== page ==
Hovering around 50 years as a pilot, Gary Dykstra is finally rotating out of service at Sanford AirMed in Sioux Falls, South Dakota.
“If you’ve been around aviators, you find out that aviators never lose that itch, that desire to fly,” Dykstra, who grew up on a farm in Marion, said.
He adds working in health care is “one of the things that I’ve always wanted to do mainly because the Guard unit that I belonged to in Rapid City was a medevac unit.”
The 70-year-old has been rescuing or relocating patients for Sanford following a long career as an officer in the Army. In the Army, Dykstra operated the Huey, OH-58 and Black Hawk helicopters.
“One of our best pilots. He’s been with us for 12 years,” Kerry Berg, Sanford rotor wing manager, said about Dykstra. “We were fortunate to get him as he was retiring from the National Guard.”
‘We recognize veterans’
Sanford AirMed has a helicopter in Sioux Falls as well as Fargo, Bemidji and Bismarck. Its fleet also features several airplanes available to patients in need at any time.
“We’re taking some of the best clinicians in the world to those patients and bringing them back, and our job is to do that safely,” Berg said. “So, it’s an extraordinarily fulfilling mission.”
Many of Sanford’s flyers, from rotor to fixed wing, are military veterans. The organization prides itself on not only caring for service members but hiring them as well.
“We speak in a language that a lot of people don’t understand, they can’t associate with because only veterans know what the other veteran has been through,” Dykstra said.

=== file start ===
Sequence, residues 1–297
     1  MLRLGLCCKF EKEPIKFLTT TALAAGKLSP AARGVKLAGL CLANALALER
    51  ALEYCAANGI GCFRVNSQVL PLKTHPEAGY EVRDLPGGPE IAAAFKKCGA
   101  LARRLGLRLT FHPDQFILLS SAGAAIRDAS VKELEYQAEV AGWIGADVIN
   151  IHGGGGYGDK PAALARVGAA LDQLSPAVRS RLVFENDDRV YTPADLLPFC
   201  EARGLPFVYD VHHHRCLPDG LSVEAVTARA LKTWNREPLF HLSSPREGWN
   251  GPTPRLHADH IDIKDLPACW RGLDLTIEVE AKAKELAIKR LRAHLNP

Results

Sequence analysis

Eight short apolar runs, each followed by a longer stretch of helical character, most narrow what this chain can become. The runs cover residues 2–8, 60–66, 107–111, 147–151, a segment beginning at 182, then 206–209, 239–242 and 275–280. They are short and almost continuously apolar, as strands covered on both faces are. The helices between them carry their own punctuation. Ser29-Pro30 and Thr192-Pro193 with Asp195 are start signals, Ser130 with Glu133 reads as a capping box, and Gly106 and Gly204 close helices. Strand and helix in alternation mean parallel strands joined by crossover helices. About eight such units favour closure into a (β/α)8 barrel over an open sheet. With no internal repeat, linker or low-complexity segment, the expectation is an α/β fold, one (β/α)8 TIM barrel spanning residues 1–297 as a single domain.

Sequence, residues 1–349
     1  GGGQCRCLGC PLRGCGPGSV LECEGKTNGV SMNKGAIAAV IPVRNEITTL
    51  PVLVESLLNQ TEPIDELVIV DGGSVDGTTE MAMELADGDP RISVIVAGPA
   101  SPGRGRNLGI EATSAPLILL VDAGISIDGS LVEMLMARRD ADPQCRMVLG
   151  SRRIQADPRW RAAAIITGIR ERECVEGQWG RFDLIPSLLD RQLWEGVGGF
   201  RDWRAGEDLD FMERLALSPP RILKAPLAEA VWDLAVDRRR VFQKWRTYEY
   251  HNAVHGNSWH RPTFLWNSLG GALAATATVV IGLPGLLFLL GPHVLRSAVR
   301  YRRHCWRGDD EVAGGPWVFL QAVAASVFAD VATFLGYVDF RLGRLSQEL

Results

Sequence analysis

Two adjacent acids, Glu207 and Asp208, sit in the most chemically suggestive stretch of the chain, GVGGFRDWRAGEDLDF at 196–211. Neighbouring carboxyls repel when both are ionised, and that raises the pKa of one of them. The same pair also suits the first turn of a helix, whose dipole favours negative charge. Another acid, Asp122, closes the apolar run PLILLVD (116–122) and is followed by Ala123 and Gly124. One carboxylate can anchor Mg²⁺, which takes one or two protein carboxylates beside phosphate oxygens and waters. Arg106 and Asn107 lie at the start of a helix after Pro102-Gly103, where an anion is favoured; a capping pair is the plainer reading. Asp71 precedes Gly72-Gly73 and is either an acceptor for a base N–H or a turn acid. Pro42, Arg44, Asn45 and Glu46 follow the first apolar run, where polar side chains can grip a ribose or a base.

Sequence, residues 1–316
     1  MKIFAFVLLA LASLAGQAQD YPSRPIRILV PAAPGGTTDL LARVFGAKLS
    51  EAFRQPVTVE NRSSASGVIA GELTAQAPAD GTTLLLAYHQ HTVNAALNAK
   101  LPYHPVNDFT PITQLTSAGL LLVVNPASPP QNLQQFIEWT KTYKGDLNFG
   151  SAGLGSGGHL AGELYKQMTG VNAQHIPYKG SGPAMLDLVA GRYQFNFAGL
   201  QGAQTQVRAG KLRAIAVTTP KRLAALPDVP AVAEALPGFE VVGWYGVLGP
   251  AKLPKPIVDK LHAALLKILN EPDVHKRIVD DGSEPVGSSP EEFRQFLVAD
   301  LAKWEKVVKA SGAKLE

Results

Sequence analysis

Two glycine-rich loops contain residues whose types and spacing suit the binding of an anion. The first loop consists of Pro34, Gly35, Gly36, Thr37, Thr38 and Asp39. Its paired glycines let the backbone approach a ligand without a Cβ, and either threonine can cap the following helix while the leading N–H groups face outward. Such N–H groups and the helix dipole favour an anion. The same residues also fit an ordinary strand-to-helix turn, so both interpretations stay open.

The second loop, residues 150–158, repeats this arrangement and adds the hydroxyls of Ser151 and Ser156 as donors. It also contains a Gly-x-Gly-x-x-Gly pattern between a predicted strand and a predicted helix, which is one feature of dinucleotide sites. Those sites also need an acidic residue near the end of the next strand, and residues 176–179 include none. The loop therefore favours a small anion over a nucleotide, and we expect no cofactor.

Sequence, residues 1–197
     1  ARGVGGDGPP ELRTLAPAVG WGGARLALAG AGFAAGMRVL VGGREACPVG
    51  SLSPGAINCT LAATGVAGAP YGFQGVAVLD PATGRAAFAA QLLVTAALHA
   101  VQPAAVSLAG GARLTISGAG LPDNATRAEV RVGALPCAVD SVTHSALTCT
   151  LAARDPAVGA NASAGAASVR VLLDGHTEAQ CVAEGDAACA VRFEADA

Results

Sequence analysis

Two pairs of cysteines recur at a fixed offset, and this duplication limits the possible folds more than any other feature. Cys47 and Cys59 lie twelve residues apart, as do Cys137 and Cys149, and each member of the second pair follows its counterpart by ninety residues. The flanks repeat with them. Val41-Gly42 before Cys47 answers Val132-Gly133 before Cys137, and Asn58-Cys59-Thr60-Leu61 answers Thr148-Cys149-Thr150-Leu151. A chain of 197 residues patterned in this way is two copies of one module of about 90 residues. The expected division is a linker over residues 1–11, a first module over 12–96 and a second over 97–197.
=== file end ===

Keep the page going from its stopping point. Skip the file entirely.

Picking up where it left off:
Berg adds that, “Sanford’s a great organization. We recognize veterans and highlight veterans within the organization. I think it just shows the kind of organization that we are. For those of us that work here, we know that already.”
‘Quite a career’
For Dykstra, now on the tail end of his time with AirMed, those efforts mean a lot.
“A lot of times we did our PRs (public relations showcases) and had a lot of kids that came up and wanted to look in the helicopter. I really enjoyed that because I tell the parents or whoever showed up, ‘Hey I’m just trying to recruit.’ I’m trying to get somebody to take my job and be involved and to find out that aviation and this service that we’re providing is something that’s very damn special,” Dykstra said.
“I look back on it and I say, quite a career.”
A career of service that’s washed over the community.
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